You still can’t buy a vibrator in Alabama. In fact if you sell one, you could get in trouble. What happens if you smuggle one in?
Vibrators may be considered a necessary item and sex toy among the sexually lonely, but if you’re in Alabama, you will have to find other company. Alabama continues its ban on vibrators. This is to maintain decency in the state, according to proponents. But there’s more to decency than just vibrators in Alabama.
What is decent and what is not is apparently a subjective decision, and according to one writer particularly arbitrary. Indeed in 1964 Lenny Bruce was found guilty of what was determined to be an indecent performance in Café Au Go Go in Greenwich Village, but he was posthumously pardoned by George Pataki in 2003. The Governor’s magnanimity came, however, as a way to justify the Iraq invasion when he said, “Freedom of speech is one of the great American liberties, and I hope this pardon serves as a reminder of the precious freedoms we are fighting to preserve as we continue to wage the war on terrorism.”
That same year Bono, the well-know entertainer and activist, declared enthusiastically in response to receiving an award at the Golden Globes, “This is really, really fucking brilliant.” Despite the prohibitions on profanity the FCC selectively ruled Bono had not offended decency standards because the word was simply “unfortunate” and “isolated and nonsexual.” It was explained as being an exclamation as opposed to be referring to something sexual. These are some examples of how selective media and the FCC, as well as state decency codes, can make rules depending upon the person and the situation, Alternet maintains.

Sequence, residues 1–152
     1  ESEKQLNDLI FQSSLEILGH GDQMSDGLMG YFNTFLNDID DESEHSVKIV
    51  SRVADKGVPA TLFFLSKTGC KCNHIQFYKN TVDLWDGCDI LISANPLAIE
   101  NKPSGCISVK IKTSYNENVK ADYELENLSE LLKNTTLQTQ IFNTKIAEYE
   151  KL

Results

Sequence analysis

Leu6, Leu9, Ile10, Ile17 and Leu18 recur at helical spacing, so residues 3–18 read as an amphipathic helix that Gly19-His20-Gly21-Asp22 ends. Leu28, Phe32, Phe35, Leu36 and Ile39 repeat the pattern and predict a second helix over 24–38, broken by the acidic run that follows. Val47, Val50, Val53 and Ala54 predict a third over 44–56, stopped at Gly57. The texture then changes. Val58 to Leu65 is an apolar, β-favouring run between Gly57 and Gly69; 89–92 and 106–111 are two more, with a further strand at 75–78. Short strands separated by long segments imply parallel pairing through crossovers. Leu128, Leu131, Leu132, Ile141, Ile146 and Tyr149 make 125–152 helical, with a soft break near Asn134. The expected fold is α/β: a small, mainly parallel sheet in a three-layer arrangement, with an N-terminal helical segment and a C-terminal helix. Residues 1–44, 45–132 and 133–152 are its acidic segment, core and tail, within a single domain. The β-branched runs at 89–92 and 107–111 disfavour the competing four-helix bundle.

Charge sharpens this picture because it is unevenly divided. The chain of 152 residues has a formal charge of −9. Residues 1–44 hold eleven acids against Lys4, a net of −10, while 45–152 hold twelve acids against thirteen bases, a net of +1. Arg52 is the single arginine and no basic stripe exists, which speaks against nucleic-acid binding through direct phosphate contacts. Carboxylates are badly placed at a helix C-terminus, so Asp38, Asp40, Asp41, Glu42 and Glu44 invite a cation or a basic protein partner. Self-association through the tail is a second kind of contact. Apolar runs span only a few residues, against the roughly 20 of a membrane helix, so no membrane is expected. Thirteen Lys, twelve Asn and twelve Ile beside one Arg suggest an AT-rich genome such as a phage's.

Now in the spirit of finding out what Americans think about decency, a poll is being taken about how comfortable folks might feel just talking about vibrators and their use. Men are asked to contribute their answers. Perhaps that’s because women are already talking about them, as Barbara Walters and friends did on The View not long ago.
A Huffington Post writer, Ethan Imboden, wrote about his amazement that the media becomes so undone about trifles such as talk about vibrators, as the incident on The View demonstrated. He writes he was heartened to hear the women talk openly about sex, especially their use of vibrators and wrote: “We're all here because someone somewhere had sex. Allow me to provide a reassuring report from the front lines of the booming Sexual Wellbeing market - you aren't alone. Everybody does it differently, but trust me, everybody's "doing it."
Someone perhaps needs to tell Alabama since everyone isn’t “doing it,” at least with vibrators, there. And no one seems to know, or at least write about, what happens to someone if caught with a vibrator in Alabama they didn’t purchase it in that particular state